WASHINGTON – Minimally invasive surgery – whether robotic or laparoscopic – is just as effective as open surgery in pancreatectomy.
Both minimally invasive approaches had perioperative and oncologic outcomes that were similar to open approaches, as well as to each other,, reported at the annual clinical congress of the American College of Surgeons. And while minimally invasive surgery (MIS) techniques were associated with a slightly faster move to neoadjuvant chemotherapy, survival outcomes in all three surgical approaches were similar.
Dr. Mirkin, a surgery resident at Penn State Milton S. Hershey Medical Center, Hershey, Pa., plumbed thefor patients with stage I-III pancreatic cancer who were treated by surgical resection from 2010 to 2012. Her cohort comprised 9,047 patients; of these, 7,924 were treated with open surgery, 992 with laparoscopic surgery, and 131 with robotic surgery. She examined a number of factors including lymph node harvest and surgical margins, length of stay and time to adjuvant chemotherapy, and survival.
Patients who had MIS were older (67 vs. 66 years) and more often treated at an academic center, but otherwise there were no significant baseline differences.
Dr. Mirkin first compared the open surgeries with MIS. There were no significant associations with surgical approach and cancer stage. However, distal resections were significantly more likely to be dealt with by MIS, and Whipple procedures by open approaches. There were also more open than MIS total resections.
MIS was more likely to conclude with negative surgical margins (79% vs. 75%), and open surgery more likely to end with positive margins (22% vs. 19%).
Perioperative outcomes favored MIS approaches for all types of surgery, with a mean overall stay of 9.5 days vs. 11.3 days for open surgery. The mean length of stay for a distal resection was 7 days for MIS vs. 8 for open. For a Whipple procedure, the mean stay was 10.7 vs. 11.9 days. For a total resection, it was 10 vs. 11.8 days.
MIS was also associated with a significantly shorter time to the initiation of adjuvant chemotherapy overall (56 vs. 59 days). For a Whipple, time to chemotherapy was 58 vs. 60 days, respectively. For a distal resection, it was 52 vs. 56 days, and for a total resection, 52 vs. 58 days.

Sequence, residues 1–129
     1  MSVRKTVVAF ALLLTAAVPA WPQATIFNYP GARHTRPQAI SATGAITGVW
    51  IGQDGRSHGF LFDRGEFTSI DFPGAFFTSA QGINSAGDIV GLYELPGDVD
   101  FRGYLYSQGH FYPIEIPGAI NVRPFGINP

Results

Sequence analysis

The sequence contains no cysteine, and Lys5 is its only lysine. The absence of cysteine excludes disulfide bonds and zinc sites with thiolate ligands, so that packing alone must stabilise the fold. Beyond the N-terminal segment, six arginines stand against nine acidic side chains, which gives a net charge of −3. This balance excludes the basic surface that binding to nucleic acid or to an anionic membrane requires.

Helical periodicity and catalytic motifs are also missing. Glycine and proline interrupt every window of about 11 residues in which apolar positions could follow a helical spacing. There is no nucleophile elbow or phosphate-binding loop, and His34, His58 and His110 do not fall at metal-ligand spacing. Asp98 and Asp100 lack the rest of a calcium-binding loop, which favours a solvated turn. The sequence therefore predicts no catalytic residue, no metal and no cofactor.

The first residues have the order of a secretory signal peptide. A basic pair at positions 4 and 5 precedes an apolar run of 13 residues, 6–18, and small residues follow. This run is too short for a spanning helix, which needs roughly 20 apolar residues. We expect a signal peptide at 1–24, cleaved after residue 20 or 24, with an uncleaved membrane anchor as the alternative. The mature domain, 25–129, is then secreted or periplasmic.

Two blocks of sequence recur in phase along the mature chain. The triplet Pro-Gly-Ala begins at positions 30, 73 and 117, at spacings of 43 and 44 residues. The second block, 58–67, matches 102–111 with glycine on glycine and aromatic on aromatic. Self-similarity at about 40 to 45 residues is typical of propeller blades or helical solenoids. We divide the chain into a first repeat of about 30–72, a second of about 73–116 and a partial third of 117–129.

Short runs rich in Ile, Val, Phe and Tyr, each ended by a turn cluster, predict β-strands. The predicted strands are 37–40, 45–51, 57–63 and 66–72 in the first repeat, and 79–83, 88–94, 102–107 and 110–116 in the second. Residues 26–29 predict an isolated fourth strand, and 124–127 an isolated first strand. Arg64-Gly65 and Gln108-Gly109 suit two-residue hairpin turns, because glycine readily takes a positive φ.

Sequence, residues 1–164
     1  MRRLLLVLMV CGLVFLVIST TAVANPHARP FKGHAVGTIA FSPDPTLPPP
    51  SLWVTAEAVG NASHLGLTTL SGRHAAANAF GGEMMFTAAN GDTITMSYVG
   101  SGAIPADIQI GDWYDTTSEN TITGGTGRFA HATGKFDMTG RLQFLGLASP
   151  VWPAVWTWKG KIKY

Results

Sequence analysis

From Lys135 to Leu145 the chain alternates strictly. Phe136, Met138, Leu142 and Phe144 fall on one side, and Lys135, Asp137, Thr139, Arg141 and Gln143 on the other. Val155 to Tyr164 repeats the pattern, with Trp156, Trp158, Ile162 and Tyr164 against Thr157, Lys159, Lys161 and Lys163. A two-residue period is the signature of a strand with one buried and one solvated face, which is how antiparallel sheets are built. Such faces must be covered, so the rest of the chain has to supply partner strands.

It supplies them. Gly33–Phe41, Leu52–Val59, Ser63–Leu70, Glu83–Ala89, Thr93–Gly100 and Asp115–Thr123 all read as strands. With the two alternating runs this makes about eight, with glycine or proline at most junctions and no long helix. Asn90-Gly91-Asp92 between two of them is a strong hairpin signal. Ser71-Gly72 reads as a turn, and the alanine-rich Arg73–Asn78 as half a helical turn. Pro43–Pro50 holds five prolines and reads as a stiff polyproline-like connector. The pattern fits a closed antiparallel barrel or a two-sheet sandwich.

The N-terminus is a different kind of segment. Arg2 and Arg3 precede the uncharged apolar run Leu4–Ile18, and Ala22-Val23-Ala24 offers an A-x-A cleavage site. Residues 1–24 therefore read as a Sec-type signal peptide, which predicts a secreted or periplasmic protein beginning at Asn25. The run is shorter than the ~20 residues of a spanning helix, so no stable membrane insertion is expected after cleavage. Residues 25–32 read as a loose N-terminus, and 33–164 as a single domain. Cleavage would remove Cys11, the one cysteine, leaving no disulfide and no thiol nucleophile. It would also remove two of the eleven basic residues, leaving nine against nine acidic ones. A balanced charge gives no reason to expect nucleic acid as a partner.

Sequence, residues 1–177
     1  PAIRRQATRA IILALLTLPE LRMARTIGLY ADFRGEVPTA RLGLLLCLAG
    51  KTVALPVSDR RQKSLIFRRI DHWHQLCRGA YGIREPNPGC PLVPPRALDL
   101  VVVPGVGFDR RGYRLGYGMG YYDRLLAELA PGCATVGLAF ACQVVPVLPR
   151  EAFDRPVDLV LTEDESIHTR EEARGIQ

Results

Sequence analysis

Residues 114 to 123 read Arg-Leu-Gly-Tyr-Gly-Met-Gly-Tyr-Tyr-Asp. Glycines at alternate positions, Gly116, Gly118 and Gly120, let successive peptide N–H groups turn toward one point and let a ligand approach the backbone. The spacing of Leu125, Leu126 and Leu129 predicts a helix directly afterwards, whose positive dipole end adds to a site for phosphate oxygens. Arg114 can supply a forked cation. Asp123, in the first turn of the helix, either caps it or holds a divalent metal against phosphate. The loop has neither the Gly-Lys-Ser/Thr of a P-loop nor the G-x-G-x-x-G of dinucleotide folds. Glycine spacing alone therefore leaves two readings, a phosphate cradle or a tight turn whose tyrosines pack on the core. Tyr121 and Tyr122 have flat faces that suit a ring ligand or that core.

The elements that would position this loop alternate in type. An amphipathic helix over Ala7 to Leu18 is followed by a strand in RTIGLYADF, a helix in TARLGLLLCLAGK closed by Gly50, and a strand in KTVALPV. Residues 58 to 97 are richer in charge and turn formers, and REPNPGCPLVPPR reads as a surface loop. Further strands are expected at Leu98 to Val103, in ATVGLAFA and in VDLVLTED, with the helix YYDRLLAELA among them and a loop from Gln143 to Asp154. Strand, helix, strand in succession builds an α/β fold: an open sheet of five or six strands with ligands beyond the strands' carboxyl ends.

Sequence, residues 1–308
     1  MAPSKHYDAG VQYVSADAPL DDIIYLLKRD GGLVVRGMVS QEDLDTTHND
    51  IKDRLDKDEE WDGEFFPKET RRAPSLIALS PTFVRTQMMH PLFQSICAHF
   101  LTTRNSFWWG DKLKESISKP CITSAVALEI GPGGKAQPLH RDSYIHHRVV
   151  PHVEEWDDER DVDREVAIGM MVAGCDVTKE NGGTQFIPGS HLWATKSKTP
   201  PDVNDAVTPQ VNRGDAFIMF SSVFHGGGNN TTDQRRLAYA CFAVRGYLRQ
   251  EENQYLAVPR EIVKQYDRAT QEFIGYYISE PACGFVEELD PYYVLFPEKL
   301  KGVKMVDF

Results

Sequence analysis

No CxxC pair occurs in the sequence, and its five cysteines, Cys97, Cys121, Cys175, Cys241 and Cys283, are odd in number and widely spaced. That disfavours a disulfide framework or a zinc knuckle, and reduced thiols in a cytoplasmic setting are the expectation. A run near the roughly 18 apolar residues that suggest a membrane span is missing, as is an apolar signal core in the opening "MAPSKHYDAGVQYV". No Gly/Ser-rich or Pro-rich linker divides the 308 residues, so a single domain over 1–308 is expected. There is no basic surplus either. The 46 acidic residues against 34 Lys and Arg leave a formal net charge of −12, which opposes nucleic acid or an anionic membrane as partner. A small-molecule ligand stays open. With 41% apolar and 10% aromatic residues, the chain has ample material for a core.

Neither approach offered a survival benefit over the other, Dr. Mirkin noted. For stage I cancers, less than 50% of MIS patients and less than 25% of open patients were alive by 50 months. For those with stage II tumors, less than 25% of each group was alive by 40 months. For stage III tumors, the 40-month survival rates were about 10% for MIS patients and 15% for open patients.
Dr. Mirkin then examined perioperative, oncologic, and survival outcomes among those who underwent laparoscopic and robotic surgeries. There were no demographic differences between these groups.
Oncologic outcomes were almost identical with regard to the number of positive regional nodes harvested (six), and surgical margins. Nodes were negative in 82% of robotic cases vs. 78% of laparoscopic cases and positive in 17.6% of robotic cases and 19.4% of laparoscopic cases.
Length of stay was significantly shorter for a laparoscopic approach overall (10 vs. 9.4 days) and particularly in distal resection (7 vs. 10 days). However, there were no differences in length of stay in any other surgery type. Nor was there any difference in the time to neoadjuvant chemotherapy.
Survival outcomes were similar as well. For stage I cancers, 40-month survival was about 40% in the laparoscopic group and 25% in the robotic group. For stage II cancers, 40-month survival was about 15% and 25%, respectively. For stage III tumors, 20-month survival in the robotic group was near 0 and 25% in the laparoscopic group. By 40 months almost all patients were deceased.
A multivariate survival analysis controlled for age, sex, race, comorbidities, facility type and location, surgery type, surgical margins, pathologic stage, and systemic therapy. It found only one significant association: Patients with 12 or more lymph nodes harvested were 19% more likely to die than those with fewer than 12 nodes harvested.
Time to chemotherapy (longer or shorter than 57 days) did not significantly impact survival, Dr. Mirkin said.